Reviewed by Michael Hickerson (Slice of SciFi Editor)
Warning: If you haven’t seen the last few episodes of Game of Thrones, there are SPOILERS for all of them, including last night’s season finale, ahead! If you don’t want to know what happens, turn back now!
The second season of Game of Thrones began with the show journeying from one end of Westeros to the other. The second season finale served as an appropriate bookend to the season as it also journeyed far and wide across the universe of Westeros, wrapping up a few plot points and putting the pieces into play for the epic third season (that can’t get here soon enough!)
Over the course of season two, we’ve seen the epic power struggle unfolding across the landscape of Westeros. And once again, power bases seemed to be shifting as season two draws to a close.
After his grandfather saved his bacon in the epic Battle at Blackwater last week, Joffrey appears to have a firmer grip on the Iron Throne than ever before. A lot of that is thanks to his mother, Cersei, who apparently can do more behind the scenes manipulation before breakfast than most of us can do in an entire week. Cersei able manipulates her son to dump Sansa and solidify his power base by marrying Margaery, the widowed and virgin bride of his rebel cousin, Renely. Of course, this power grab also helps certain other players at King’s Landing–namely Maester Pycelle and Littlefinger, who are clearly part of Cersei’s manipulations of her son. It should be interesting to see if and how Margaery and Cersei clash in trying to pull the strings for young Joffrey in future seasons.*
*Again, if you’ve read the books, don’t reveal any of what’s to come!
Cersei is also able to remove another thorn her side, switching our Tyrion for her father as Hand of the King. And while it can be argued that Tyrion did just as much, if not more, to preserve and protect King’s Landing than his father did, in the end it will be the more dramatic riding in at the last second to save the day that will be remembered by the people and history than any of the strategy and plotting Tyrion did. The scene when Tyrion realizes that not only is he scarred physically but that everything he’s worked for all season has been taken from him in the blink of an eye was among the best of the episode and season. And it shows once again why Peter Dinklage deserves an Emmy nod for his work this season.**
** And while he’ll get one, I’ll be surprised to see him repeat. There are two supporting players from Breaking Bad who will get a lot of buzz plus Mad Men is back.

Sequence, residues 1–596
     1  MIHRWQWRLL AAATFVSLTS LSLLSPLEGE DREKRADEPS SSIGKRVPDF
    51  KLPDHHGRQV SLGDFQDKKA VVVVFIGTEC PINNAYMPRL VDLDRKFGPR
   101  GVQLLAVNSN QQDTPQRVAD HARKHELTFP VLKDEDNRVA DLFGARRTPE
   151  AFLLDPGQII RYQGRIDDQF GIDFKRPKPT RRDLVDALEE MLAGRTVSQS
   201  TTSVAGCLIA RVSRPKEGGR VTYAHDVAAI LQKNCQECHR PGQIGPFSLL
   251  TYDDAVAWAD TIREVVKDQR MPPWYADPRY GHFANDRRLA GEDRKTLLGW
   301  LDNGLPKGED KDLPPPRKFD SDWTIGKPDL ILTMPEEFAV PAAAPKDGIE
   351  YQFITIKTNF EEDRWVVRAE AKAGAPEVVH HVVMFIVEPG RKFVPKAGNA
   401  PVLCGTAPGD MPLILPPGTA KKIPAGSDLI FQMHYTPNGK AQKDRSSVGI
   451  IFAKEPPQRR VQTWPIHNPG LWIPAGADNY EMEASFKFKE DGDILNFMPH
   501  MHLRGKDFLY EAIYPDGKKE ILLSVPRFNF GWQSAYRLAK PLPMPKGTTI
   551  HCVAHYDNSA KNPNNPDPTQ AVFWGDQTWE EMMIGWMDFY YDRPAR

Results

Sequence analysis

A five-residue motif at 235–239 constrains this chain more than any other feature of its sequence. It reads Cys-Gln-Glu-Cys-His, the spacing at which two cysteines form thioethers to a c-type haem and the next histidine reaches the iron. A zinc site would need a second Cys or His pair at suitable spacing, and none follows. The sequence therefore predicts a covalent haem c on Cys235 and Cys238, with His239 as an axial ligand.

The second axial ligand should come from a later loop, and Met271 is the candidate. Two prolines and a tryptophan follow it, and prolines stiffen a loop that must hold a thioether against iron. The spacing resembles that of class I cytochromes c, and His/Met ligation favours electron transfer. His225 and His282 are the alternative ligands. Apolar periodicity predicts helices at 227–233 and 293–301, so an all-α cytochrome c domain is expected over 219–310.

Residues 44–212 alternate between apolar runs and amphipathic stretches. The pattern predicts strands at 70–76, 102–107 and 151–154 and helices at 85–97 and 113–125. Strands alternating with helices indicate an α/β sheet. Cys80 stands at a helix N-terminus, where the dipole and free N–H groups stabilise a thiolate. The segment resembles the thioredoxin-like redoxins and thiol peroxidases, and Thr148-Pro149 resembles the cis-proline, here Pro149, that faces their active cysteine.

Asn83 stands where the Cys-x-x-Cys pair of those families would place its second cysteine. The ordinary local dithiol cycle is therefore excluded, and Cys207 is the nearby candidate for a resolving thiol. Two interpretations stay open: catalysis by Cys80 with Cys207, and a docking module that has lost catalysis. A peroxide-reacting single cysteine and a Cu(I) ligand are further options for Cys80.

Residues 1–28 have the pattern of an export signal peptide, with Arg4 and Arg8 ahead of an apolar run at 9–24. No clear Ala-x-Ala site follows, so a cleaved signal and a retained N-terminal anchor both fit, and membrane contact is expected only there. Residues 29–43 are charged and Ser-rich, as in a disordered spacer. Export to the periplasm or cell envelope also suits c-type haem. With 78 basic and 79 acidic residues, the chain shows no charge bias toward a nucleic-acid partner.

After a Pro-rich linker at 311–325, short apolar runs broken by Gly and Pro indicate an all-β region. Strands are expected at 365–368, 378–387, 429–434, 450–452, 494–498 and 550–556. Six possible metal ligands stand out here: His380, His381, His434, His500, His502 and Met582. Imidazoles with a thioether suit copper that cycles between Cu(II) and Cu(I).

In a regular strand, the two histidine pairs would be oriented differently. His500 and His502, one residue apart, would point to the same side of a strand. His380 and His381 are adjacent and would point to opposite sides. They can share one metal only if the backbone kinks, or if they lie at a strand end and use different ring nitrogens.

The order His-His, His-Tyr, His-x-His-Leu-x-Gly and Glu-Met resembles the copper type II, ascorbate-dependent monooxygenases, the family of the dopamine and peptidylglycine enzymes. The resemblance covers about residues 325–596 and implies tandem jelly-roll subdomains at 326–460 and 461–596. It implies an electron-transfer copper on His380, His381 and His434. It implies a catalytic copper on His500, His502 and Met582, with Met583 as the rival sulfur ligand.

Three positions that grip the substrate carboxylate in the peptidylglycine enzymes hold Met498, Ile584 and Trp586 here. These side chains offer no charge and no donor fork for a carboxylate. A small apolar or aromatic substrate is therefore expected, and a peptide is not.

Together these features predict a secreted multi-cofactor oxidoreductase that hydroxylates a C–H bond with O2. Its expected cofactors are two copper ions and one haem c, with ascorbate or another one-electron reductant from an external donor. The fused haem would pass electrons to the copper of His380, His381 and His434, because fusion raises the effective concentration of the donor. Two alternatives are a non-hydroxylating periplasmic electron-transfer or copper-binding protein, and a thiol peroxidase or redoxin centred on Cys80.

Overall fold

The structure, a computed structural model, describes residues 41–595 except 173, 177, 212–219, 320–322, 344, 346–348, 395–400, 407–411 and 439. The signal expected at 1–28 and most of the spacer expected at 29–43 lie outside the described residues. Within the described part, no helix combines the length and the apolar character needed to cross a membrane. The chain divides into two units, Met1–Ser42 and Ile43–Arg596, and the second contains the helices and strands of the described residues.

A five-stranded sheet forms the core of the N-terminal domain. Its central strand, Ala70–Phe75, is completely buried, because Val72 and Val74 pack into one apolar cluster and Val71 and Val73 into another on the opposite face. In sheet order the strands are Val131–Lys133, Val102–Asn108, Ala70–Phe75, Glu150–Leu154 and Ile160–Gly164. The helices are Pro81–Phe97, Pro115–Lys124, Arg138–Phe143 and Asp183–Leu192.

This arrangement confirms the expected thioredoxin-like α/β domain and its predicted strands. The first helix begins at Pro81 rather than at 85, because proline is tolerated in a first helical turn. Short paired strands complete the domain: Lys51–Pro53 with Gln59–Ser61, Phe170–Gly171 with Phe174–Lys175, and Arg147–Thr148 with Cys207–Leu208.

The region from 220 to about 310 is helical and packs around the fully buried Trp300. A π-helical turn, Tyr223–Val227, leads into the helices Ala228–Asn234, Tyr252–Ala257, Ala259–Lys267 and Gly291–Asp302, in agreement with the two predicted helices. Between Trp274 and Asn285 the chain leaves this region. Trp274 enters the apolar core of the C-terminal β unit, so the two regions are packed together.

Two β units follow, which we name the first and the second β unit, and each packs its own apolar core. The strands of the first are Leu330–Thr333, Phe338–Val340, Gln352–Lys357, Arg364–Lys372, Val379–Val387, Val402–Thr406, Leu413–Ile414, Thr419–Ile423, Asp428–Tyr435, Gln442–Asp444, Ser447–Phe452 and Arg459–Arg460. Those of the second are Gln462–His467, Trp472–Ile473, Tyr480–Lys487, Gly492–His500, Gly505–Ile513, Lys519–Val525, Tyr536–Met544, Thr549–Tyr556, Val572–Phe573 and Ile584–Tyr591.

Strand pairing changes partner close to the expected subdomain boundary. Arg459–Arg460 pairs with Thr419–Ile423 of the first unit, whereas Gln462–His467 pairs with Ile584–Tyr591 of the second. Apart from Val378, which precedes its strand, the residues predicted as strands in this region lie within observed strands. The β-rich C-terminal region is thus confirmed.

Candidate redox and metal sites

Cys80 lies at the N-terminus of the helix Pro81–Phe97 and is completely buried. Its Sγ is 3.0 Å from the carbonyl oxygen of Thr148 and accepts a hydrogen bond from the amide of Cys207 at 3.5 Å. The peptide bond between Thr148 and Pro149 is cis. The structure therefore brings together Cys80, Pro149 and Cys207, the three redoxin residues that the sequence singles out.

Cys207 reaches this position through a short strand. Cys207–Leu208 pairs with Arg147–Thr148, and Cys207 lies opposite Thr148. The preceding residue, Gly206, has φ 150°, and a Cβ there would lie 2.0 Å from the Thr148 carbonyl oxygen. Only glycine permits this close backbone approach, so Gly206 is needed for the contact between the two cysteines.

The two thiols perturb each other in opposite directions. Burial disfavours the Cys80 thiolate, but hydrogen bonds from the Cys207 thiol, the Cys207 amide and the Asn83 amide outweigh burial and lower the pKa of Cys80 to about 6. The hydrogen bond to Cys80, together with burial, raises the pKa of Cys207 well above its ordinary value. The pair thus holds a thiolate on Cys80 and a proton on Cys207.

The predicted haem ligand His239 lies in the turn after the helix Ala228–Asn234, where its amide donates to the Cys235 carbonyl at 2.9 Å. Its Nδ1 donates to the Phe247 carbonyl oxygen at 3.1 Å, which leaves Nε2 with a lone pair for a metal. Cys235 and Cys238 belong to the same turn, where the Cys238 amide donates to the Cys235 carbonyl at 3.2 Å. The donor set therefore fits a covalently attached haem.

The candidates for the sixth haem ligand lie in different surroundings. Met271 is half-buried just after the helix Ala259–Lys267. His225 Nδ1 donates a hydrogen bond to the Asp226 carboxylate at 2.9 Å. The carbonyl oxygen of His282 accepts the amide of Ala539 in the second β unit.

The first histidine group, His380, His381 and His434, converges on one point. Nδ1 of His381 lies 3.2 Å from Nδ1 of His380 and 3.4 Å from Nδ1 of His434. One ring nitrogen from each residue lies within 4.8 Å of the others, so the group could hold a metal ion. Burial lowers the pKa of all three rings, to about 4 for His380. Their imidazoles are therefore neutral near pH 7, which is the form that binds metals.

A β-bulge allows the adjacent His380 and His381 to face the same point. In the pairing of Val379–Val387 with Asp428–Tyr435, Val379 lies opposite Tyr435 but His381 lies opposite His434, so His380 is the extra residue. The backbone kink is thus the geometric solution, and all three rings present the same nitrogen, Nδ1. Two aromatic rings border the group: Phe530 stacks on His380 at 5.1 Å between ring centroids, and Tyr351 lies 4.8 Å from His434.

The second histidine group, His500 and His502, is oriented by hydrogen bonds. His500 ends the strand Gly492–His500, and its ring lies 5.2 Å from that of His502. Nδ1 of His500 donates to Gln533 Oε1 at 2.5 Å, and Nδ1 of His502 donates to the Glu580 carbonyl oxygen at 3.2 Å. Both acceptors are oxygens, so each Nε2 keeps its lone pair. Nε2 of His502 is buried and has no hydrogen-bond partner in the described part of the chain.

Meanwhile, Stannis is left picking up the pieces from his failed attack on King’s Landing. And while he’s taken an epic loss, Melinsandre reminds him he’s playing a longer game and one lost battle does not mean the entire war is lost. Clearly Stannis thought he’d defeat Joffrey, waltz in and sit on the Iron Throne and then set about defeating the other claims to the throne. He clearly never thought that Tyrion and Twyin would combine to send him packing and licking his wounds. Now the marriage of Joffrey and Margaery could see some of his supporters going over to their side, thus eroding his power base even further.
Of course, he may pick up some of the people that Robb Stark has now alienated by following his heart instead of what’s political expedient. Robb’s marriage to Talisa is likely to create some difficulties for him in the long run, but in the short run he seems happy enough. It also proves that Robb is his father’s son in how he handles the political game. Both Ned and Robb are horribly naive in thinking that they can do the right thing and everyone will go along with them because they’ve taken the moral high ground. It also shows how little Robb understands things and what it means to be a ruler–something we’ve seen all year with his comments about how he doesn’t know how he’ll rule if and when he wins the war.
It should be interesting to see how his grip on power and being a king goes without his mother as a trusted adviser. As manipulative as Cersei is, I’d argue that Catelyn is just as much a player of the game. In this case, however, she took it one step too far by freeing the Kingslayer in the hope of reuniting her family. Again, it’s a Stark with good intentions not exactly thinking through the implications of a plan.
And while this has been a strong season all around, I’d also argue that there were certain storylines that didn’t quite engage me as much as others. After being fascinated by the events unfolding at the Wall and beyond, I think the show dropped the ball a bit with Jon Snow’s storyline the last few weeks. I can see where it’s going, but I think it did too much heavy lifting to really get there.
As did the storyline across the sea. I can see why the writers got Dany to the end point she did, but I’m not sure it was necessarily the strongest way to get there. Again, this storyline felt like a bit of a distraction in previous installments and while it lead to some nice moments in the finale, I’m not sure it was necessarily the best way to get there.
As a season finale, this one had a lot of heavy lifting to do and it did most of it seemlessly. We’re given at least five cliffhangers (the image of Winterfell in ruins was one of the best) that the series will have to address as season three begins. The image of the White Walkers as they head toward the Wall will keep fans buzzing this summer, even if you’ve read the books and know what’s coming next.
As a whole, it was a great season. There were some stronger stories than others, but Game of Thrones has hit its stride and is consistently one of the best shows on television. Can’t wait for season three!